Moving away from home, waving goodbye to Mum’s home-cooked meals and fresh laundry, and leaving behind the friends that you have known for far too many years certainly sounds like a daunting experience…that is unless your next destination is university halls.

Returning home for summer (amongst the now rather battered and burnt pots and pans) the most valuable thing that I am bringing back with me is a year’s worth of brilliant memories…although whether my liver agrees with that is another thing. I always thought I would enjoy university, especially since I started watching the channel four series ‘Fresh Meat’, but I didn’t know that someone like me – rather girly and tidy and who likes to see everything kept in its correct place – would fall quite so in love with the infamous student lifestyle.

People often ask me what it is about my first year that I loved so much. For me, nothing answers that question better than explaining to them how our flat of twelve very different personalities transformed from being exactly that, flatmates, into the friends that we are now, being able to finish each other’s sentences and knowing far too many intimate details about one another.

Politeness was the order of the day when we first moved in. We were neatly stacking our plates in our designated cupboards and making sure that we only took up exactly one shelf in the communal fridges. We then gathered around the kitchen table and began getting to know each other with the usual small-talk, sounding rather like a group of would-be hairdressers: “How many siblings has everybody got?” “Did anyone go anywhere nice on holiday this summer?” “What subjects did everyone do for A Level?” And once we had exhausted those, we even managed to move onto discussing our favourite shampoo brands with one another. But the days of heated debates over the comparable qualities of VO5 and Herbal Essences quickly made way for something quite different.

Social etiquette became less important as we all became more acquainted. The days of “Oh could I borrow a dash of milk?” quickly lapsed. When someone mentioned that they were going home for the weekend, the rest would descend en masse to their cupboard like the ravenous workhouse boys of Oliver Twist. The phrase ‘more please’ was definitely absent as we gleefully claimed the goods as our own. In a matter of weeks, we were grabbing a mattress from someone’s bedroom, dragging it into the kitchen, and all piling onto it to watch films and play countless paper-and-pen-based games for hours on end, blissfully ignorant of the lectures we should have been attending and the number of kitchen maintenance rules we were breaking, of course.

Evidently, at university, all luxury foods are classed as fair game, and for that reason you quickly learn what I like to call the tricks of the trade. The politeness I mentioned on move-in day was short-lived, and milk became the equivalent of gold. It wasn’t unusual to venture into the kitchen in the morning to find that the milk you had purchased the evening before was already mysteriously half empty. And so, I quickly realised that pouring fresh milk into an out-of-date milk bottle was the key to keeping your dairy safe. Members of the sacred cereal family – Coco Pops, Crunchy Nut and Krave, to name a few – were sneakily placed into the more undesirable Cornflakes boxes, while the discovery that empty nutella jars could be washed out and transformed into trendy cocktail glasses certainly proved a useful one. One flatmate of mine even wrapped his plates in cling-film each time he had a meal. He was economising on washing up apparently.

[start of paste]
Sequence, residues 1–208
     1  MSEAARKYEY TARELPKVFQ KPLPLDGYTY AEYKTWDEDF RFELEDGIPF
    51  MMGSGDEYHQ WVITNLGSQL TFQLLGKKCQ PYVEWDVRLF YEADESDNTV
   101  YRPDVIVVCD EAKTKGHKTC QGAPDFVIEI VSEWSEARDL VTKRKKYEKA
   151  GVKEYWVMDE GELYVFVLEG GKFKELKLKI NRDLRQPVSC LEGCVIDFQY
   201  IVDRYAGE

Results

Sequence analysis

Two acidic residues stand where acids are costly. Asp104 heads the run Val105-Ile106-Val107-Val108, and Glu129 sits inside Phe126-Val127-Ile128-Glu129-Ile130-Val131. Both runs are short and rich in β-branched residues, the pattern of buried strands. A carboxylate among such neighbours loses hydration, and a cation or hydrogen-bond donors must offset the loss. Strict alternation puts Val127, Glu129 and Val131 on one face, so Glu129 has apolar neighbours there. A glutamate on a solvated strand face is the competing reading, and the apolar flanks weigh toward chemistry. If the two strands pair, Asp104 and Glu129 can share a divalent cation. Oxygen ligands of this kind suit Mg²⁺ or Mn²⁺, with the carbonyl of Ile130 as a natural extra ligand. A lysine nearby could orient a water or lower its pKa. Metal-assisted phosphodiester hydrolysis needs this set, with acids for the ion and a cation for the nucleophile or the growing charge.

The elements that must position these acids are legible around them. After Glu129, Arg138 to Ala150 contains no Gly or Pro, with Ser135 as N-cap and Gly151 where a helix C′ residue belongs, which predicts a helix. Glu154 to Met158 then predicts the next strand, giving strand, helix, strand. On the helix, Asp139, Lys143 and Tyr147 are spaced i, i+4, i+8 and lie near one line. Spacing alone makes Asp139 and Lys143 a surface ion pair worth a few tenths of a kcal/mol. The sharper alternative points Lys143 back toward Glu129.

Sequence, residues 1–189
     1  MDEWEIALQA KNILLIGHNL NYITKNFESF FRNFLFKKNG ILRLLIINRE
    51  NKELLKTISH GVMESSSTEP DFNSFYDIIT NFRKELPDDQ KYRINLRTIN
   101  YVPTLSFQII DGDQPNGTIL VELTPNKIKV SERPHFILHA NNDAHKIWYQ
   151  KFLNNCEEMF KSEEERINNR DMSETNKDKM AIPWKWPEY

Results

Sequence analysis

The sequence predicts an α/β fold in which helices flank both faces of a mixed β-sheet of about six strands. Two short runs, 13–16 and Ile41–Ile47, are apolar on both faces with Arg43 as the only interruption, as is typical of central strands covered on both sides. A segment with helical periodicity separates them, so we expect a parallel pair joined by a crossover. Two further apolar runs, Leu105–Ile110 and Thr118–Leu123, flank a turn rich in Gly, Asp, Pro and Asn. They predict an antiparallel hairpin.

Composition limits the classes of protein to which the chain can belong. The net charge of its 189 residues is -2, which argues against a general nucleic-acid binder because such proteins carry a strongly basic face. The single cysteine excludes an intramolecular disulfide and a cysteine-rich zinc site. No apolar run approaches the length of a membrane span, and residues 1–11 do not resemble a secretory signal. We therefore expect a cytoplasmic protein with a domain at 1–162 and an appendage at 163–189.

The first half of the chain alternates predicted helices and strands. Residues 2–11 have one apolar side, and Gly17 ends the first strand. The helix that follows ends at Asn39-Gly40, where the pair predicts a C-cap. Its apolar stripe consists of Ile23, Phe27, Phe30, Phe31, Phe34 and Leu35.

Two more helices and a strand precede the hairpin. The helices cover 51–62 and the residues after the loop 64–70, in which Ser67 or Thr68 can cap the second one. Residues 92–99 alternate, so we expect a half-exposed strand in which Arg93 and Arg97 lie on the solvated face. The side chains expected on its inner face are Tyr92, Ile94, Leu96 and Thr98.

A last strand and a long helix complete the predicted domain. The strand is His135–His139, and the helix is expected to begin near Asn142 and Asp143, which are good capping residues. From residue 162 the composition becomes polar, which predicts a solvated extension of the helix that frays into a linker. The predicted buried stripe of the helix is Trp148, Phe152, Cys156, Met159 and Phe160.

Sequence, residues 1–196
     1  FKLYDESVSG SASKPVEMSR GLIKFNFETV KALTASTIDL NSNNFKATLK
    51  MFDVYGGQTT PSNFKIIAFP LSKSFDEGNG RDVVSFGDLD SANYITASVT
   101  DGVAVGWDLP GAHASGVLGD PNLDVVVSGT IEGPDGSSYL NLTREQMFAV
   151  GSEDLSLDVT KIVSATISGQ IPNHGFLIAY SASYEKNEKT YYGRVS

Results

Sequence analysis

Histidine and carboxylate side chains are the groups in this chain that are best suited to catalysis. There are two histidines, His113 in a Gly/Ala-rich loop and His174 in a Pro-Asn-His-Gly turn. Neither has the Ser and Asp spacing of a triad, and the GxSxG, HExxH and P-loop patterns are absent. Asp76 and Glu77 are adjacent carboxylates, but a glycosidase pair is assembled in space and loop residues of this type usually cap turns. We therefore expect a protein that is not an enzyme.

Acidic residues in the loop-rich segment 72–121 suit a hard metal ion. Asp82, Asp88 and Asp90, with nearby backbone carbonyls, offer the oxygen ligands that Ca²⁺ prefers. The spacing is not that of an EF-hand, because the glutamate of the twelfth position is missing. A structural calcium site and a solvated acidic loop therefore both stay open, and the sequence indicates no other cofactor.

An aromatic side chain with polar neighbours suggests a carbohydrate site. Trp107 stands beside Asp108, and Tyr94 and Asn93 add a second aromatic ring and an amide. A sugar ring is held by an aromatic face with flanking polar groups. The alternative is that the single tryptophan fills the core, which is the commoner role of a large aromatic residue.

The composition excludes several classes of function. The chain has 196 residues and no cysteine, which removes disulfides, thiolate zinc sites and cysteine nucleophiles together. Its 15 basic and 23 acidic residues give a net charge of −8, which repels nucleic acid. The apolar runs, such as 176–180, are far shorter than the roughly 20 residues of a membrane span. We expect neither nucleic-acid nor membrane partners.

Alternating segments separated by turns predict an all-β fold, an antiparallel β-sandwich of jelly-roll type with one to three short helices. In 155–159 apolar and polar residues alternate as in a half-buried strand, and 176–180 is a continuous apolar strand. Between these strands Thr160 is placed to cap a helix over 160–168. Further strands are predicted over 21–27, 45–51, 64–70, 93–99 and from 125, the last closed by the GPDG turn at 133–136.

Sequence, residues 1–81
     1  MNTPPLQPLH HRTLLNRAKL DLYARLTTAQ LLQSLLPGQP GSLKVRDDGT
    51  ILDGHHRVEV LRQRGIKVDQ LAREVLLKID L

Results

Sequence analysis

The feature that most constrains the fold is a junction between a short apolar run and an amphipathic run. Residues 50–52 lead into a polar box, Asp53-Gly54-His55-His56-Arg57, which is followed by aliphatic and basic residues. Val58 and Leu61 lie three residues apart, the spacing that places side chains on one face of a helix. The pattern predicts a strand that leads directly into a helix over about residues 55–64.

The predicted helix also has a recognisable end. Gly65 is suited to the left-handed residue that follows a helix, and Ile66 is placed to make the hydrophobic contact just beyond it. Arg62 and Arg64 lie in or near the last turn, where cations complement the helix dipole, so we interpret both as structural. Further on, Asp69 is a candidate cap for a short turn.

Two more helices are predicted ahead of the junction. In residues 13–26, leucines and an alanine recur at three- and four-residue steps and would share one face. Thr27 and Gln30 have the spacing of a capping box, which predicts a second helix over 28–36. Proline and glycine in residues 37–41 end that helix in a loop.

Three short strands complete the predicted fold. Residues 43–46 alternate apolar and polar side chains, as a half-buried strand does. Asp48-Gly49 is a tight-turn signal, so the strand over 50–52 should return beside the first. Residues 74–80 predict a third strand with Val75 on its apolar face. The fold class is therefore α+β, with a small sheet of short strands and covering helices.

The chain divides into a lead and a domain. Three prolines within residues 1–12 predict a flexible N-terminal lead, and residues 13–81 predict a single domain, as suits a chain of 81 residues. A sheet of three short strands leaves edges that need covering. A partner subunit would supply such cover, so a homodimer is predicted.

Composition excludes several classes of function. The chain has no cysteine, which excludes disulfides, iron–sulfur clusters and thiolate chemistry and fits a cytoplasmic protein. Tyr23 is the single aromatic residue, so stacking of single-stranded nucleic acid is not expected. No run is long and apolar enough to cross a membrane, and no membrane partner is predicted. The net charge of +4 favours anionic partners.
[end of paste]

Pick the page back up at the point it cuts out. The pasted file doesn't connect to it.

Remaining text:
I quickly came to realise that nothing could really surprise me at university. Walking into the kitchen to find someone eating duck for breakfast, for example, is just one of those things you learned to accept, embrace even. After all, not everyone was fortunate enough to discover the milk trick.

If I was given the opportunity to do first year all over again, I would do it in a moment’s notice. Living with friends that are sure to be there for the rest of your life, embarking on all sorts of random escapades at all hours of the day and night, and meeting a variety of characters along the way is a lifestyle which I would not change for the world. A favourite past-time of ours was assigning ridiculously unimaginative nicknames to those we encountered around campus on a day-to-day basis. I mean, it’s unlikely that there will be another time in my life that I will hear the sentence “I saw boy with blue hair when I went to do my laundry.”

I had my reservations about going to university when all the publicity over the rising fees hit the news, but I could not be happier with my decision. It must be the only time in your life that you aren’t judged for watching a whole television series in one day, moving from the comfort of your bed only to retrieve a slice of day-old pizza, ordered at 3 am the night before from the notoriously unhygienic, but very much student friendly, fast-food establishment, which now regretfully has you down as a regular.

So if you’re filling up your parents’ car and taking a drive down one of England’s motorways this autumn, good luck. You really have got the best time ahead of you.

Written by Hannah Ferry